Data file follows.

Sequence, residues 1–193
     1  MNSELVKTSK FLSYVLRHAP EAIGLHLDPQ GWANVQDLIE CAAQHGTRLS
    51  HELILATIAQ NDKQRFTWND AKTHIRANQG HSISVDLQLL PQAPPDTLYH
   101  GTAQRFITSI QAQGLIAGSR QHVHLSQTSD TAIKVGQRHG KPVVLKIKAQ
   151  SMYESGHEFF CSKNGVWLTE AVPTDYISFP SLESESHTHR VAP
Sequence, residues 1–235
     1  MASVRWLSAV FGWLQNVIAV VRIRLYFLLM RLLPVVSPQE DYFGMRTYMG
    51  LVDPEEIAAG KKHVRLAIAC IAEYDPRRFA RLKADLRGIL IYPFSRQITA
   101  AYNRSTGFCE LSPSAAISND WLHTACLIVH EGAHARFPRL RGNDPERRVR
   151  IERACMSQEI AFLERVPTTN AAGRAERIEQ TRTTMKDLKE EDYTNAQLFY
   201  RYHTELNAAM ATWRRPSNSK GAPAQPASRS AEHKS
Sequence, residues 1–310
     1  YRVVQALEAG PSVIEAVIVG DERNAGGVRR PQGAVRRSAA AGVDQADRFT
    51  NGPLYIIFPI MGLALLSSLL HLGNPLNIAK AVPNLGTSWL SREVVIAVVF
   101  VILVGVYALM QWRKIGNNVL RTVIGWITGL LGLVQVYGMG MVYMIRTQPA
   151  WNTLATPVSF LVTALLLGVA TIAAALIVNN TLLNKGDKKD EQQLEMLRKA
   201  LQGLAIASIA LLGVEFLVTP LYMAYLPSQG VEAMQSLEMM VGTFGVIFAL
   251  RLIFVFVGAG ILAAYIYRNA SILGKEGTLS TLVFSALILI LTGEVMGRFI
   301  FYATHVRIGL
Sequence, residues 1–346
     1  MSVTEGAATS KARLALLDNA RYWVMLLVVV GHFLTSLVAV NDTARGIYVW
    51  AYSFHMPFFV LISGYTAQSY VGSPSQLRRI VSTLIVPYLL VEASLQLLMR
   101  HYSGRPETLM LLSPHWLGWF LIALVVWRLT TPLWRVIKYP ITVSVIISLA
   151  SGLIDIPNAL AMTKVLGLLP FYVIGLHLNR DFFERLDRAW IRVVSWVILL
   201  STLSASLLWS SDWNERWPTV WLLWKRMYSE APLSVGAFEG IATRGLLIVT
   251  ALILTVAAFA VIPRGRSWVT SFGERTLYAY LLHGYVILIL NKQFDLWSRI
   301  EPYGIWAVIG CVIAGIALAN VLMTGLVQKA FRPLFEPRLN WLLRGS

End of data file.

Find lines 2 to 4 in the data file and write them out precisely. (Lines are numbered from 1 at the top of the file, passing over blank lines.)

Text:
     1  MNSELVKTSK FLSYVLRHAP EAIGLHLDPQ GWANVQDLIE CAAQHGTRLS
    51  HELILATIAQ NDKQRFTWND AKTHIRANQG HSISVDLQLL PQAPPDTLYH
   101  GTAQRFITSI QAQGLIAGSR QHVHLSQTSD TAIKVGQRHG KPVVLKIKAQ